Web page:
Tuesday, April 17, 2007

It's about emotions, not magic


There's a discussion that goes on in Romanceland from time to time about heroes who make love with other women after they've met the heroine. For some readers and authors, that is an absolute no-no.

Jennifer Crusie blogged about this, calling it the "literary convention" known as the "glittery hooha." Basically, the GHH theory proposes that the heroine is endowed with a sort of magical vagina that leaves sprinkles of glittery magic, and the spell cast ensures the hero never strays again.

Okay, this is kinda funny, but it's also kinda sad, because too often, I see this as the only possible explanation for what happens between some heroes and heroines in romance novels. The hero and heroine meet, have wild sex and...it's love and no other woman will do because, well, she must possess a glittery hooha. And the book's in the romance section. There is no other explanation or motivation for the hero's fidelity.

Here's how it works with my heroes:

The hero has had lovers in the past, sometimes several. He may have great affection for them, but he has not, and never will, fall in love with them. He knows this, and he's fine with that, because he doesn't want to get that close to another person. He doesn't want emotional intimacy; he'll certainly accept and enjoy physical intimacy, but that's as far as it goes. In fact, for many of my heroes, emotional intimacy is something they fear more than a physical wound. To them, it makes them vulnerable, and vulnerability is the last thing they want or need. Love is a weakness, not a strength, and in their world, weakness is unacceptable.

Some of my heroes simply believe that love isn't really possible, for anybody. It's a charming fable, but not "real life."

Then the hero meets the heroine, and from the first moment, this woman both attracts and frightens him (although he would never, ever admit that fear, even to himself) or at least shakes up his world, because he realizes that with that particular woman, there is a chance of a deeper, emotional, truly intimate relationship beyond the physical.

Whatever the reason for that new and different connection (and yes, there must be at least one and it comes from the hero's backstory), the heroine appeals not simply to his lust, but to his heart. Because he fears emotional intimacy, he fears that a relationship with her will make him vulnerable, and that makes her a woman to be avoided or rejected. If he thinks love is just a pleasant fantasy, he finds his whole world view shifting, and that's not a comfortable feeling.

Yet however the heroine disturbs him, he still craves that emotional relationship with her because it will fill what he now recognizes as a void in his life.

Now any other sort of relationship, especially one based solely on the physical, is lacking and unsatisfactory. He doesn't make love with another woman not because he's been stunned by some kind of spell, but because he no longer wants to. He sees the difference between the shallow relationships he's had and the possibility of a deeper, more fulfilling relationship with the heroine, and deep in his heart (how deep depends on the hero) isn't willing to settle for the lesser of the two.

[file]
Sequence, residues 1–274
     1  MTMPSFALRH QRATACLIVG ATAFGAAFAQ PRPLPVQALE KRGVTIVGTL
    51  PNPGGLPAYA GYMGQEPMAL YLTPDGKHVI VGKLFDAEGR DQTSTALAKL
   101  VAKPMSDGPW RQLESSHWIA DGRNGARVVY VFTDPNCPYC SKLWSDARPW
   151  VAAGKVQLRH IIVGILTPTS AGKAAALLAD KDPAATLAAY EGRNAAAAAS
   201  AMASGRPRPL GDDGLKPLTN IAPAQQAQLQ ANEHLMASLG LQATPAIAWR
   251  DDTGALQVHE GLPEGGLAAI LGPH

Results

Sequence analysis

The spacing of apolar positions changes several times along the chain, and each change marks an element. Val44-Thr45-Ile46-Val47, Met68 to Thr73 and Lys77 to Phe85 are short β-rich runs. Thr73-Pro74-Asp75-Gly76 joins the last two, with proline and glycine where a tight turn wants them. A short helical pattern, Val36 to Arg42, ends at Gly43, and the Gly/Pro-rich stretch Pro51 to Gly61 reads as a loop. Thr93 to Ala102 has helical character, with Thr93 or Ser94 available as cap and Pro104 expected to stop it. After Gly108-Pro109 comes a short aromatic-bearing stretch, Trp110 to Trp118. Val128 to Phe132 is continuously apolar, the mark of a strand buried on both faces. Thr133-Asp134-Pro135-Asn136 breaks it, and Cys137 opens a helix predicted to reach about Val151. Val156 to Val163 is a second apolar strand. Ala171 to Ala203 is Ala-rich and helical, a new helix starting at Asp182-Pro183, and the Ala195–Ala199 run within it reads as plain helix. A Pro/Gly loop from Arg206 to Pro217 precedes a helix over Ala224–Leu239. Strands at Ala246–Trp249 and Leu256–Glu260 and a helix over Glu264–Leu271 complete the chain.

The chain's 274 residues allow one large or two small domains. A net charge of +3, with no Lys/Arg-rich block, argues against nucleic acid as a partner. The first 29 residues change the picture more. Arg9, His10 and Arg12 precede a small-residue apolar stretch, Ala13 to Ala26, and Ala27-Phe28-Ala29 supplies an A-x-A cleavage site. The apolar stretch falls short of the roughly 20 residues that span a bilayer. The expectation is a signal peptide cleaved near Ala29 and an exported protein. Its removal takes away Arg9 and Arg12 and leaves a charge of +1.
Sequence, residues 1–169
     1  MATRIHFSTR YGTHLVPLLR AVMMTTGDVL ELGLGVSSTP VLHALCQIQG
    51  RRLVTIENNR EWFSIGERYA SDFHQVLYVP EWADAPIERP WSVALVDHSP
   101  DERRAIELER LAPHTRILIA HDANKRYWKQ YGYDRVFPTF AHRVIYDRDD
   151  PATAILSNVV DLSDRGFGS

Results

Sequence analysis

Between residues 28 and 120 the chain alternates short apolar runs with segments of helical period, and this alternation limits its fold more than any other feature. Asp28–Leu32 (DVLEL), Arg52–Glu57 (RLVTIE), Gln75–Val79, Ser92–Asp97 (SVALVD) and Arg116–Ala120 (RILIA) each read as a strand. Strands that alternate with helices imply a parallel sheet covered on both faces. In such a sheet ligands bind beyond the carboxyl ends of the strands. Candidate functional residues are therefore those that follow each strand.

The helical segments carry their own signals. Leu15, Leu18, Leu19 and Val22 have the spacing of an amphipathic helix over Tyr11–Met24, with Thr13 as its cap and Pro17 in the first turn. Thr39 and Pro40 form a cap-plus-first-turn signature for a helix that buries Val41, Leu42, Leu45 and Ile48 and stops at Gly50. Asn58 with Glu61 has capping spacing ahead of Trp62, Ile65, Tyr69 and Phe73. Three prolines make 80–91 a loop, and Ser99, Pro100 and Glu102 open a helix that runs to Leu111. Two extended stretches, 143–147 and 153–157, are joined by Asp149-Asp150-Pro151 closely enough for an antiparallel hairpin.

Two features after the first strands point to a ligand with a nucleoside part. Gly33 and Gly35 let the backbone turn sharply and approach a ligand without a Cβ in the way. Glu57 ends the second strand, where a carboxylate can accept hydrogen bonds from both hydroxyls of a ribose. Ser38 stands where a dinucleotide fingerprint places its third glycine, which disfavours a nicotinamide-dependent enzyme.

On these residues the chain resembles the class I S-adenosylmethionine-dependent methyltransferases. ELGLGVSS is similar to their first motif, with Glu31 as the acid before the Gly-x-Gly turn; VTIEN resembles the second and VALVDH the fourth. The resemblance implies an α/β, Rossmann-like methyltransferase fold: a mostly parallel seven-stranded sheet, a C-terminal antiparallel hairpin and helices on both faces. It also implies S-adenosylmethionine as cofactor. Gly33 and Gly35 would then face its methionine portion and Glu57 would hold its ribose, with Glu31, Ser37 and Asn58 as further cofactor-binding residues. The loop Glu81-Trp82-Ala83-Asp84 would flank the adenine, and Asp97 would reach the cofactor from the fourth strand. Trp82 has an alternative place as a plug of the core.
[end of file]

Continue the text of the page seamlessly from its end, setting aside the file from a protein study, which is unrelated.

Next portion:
Should a hero never make love to another woman in the course of a romance, then? Why not? I've written such a scene -- and what such a scene does for me is show the contrast between the hero's past relationships and his relationship with the heroine. It shows the reader why he didn't fall in love with the other woman. The sex may be great, but now he's had a glimpse of a very different, deeper intimacy -- one that has a lot less to do with hoohas than with his heart.

This is also why I don't always write heroines who are beautiful, because the hero's attraction to the heroine should be on a more profound, emotional level than her physical appearance. If the heroine is beautiful, that physical appearance may be the first thing he notices, but he very quickly realizes there's a lot more to his attraction to her than that.

This is also why I don't write totally alpha heroes who never have a moment's doubt that the heroine will love them and want to be with them. I want that moment where the hero wonders if she's right to reject him, that maybe he's not such a prize after all. I want him to be emotionally vulnerable, or what does he really gain by winning the heroine's heart? A sense of triumph? Oh, yes, I am the greatest? How has he changed? I want my heroes to be both ennobled and humbled by their relationship with the heroine.

So it's not magic that makes my hero want to be with only one woman for the rest of his life. It's not physical intimacy that keeps them together.

It's emotional intimacy.

But if a romance novel doesn't show that? All we're left with is the glittery hooha.

2 comments:

Kimber said...

Being an alpha female married to an alpha male (and honestly, most of my closest friends are alphas too), I dislike the romance myth of the emotionless alpha male.

Most alphas have their public face and their private face. The public face is a defence mechanism, built up from decades of being in charge and, as a result, being criticized. It could be emotionless or overly emotional (my current boss is an overly emotional alpha - who uses passion as a weapon).

And you hit the nail on the head with once the heroine reaches that private side, the hero is committed and often very loyal. I can count the people I show my insecurities to on one hand. The hubby can count them on thumbs. Those people I would die for rather than deliberately hurt.

The difficulty with romance is creating a situation where that trust building is fast tracked.

Sinead M said...

Love the Glittery Whohaw reference.

Brilliant. And Love your approach to showing the course of the romance, Margaret.

Thanks for the insight.